If President Obama loses this election, the Democrats will need a scapegoat. The obvious scapegoat would be Obama himself. But he’s been getting free passes all of his life, and the left-liberals who comprise the Democratic mainstream will think long and hard about holding him accountable now. For one thing, he’s manifestly one of them. For another, he’s African-American.
Accordingly, the need for a different scapegoat would arise. That scapegoat would have to be someone significant enough to be plausible in the role and someone not strongly associated with the Party’s left-liberal faction. Someone like Bill Clinton.
If this sounds far-fetched — after all, Clinton helped confer upon Obama a Convention bounce — consider this piece by Matt Bai of the New York Times. Bai blames Clinton for persuading Team Obama to adopt the strategy of portraying Romney as a conservative monster instead of a flip-flopper. That strategy worked well for months, as Bai acknowledges, but seemed to backfire when Romney declined to play his assigned role during the debates. So Bai speculates that painting Romney as a flip-flopper was the better option.
There are two problems with trying to blame Clinton for Obama’s current problem through such reasoning. The first is obvious — Obama controls his campaign and is responsible for its decisions. Clinton only made suggestions; Obama made the calls.
Bai tries to talk his way around this problem by citing Clinton’s stature. How, he asks, could Obama brush aside advice from a politician with Clinton’s record of success?
But Obama beat the Clintons in 2008, even though they held what looked like a winning hand. The notion that Obama felt cowed by Bill Clinton is silly. If Obama and his advisers accepted the former president’s advice, it could only have been that they agreed with it.
Which leads to my second point — Clinton’s advice was reasonable and probably correct. By following it, Team Obama nearly accomplished its stated goal of “killing” Romney.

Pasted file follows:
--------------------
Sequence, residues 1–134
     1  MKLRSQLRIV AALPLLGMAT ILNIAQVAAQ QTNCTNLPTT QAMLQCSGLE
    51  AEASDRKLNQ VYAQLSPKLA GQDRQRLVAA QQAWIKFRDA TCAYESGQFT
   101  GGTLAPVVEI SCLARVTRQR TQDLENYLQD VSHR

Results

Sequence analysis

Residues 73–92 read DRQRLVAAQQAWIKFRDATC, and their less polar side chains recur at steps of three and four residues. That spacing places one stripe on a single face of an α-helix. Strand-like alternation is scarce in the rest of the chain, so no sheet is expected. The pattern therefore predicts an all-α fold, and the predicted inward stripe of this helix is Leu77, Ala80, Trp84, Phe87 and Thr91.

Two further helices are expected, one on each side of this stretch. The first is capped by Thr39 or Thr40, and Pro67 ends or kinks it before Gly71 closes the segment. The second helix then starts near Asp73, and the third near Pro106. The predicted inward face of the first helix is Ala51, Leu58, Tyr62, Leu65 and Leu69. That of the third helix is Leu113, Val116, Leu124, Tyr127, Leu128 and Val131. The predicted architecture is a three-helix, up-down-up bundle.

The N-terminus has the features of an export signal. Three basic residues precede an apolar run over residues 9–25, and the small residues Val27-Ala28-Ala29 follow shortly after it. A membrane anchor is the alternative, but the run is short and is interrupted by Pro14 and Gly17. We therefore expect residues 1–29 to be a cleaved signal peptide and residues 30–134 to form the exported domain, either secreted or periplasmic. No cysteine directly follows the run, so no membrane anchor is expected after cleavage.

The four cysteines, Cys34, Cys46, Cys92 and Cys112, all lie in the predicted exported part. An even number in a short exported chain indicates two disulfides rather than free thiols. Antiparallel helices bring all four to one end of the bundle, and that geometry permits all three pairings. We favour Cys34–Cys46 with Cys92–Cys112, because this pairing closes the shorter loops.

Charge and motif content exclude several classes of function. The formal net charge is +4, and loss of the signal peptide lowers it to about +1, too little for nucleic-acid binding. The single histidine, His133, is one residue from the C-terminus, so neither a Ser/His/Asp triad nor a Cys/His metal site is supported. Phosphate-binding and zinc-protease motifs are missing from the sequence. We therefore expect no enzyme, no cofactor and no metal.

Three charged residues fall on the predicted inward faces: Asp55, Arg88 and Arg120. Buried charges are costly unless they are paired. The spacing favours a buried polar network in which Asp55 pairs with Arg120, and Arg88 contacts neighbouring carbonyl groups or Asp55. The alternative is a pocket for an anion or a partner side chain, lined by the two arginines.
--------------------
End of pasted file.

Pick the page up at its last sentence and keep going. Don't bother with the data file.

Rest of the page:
To be sure, Romney came roaring back thanks to the first debate. But this was mostly because he was sharper than Obama, not because he abandoned conservatism, as Bai and his fellow leftists like to believe. Romney was more energetic and focused than Obama, and he pointedly attacked Obama’s record, which anyone in the president’s position would have had great difficulty defending.
Let’s suppose that Obama had never tried to paint Romney as a horrid reactionary, and instead had focused on his flip-flops, real and imagined. The net effect likely would have been to give Romney an edge with moderates and swing voters right off the bat.
Take Obamacare. Romney actually hasn’t flip-flopped on this — he still supports Romneycare, and points to the differences between it and Obamacare. Had Obama made a big deal of this, voters would have known early on what they learned during the first debate — that Romney is a centrist on this issue. How would this have hurt Romney?
Romney did change his positions on abortion and certain other social issues. Many successful politicians have followed this path. What group of voters would Romney lose because he once supported “a woman’s right to choose” but no longer does? Not pro-abortion voters, not anti-abortion voters, and not voters who don’t care, or can’t make up their minds, about the issue.
Bai himself says that Romney can “get away” with “an obvious change of course late in the race.” Why, then, would he not have gotten away with it early in the campaign?
It’s true that John Kerry lost ground because the Bush campaign portrayed him as a flip-flopper. But Kerry flip-flopped on the major issue in the 2004 campaign — the war in Iraq. Romney’s positions on the key issues — from Obamacare, to taxes, to entitlement reform, to debt reduction — have been consistent.
There are, to be sure, questions about whether Romney’s numbers “add up” when it comes to taxes/debt reduction But that’s a point the Obama campaign has been making all along. And no one has made it more effectively than Bill Clinton did during his speech to the Democratic Convention.
If the left-liberal Democrats wants to pin an Obama defeat (assuming it occurs — a premature assumption) on Bill Clinton, that’s fine with me. I’m all for a nasty civil war between Democrats. On the merits, however, scapgoating Clinton wouldn’t wash.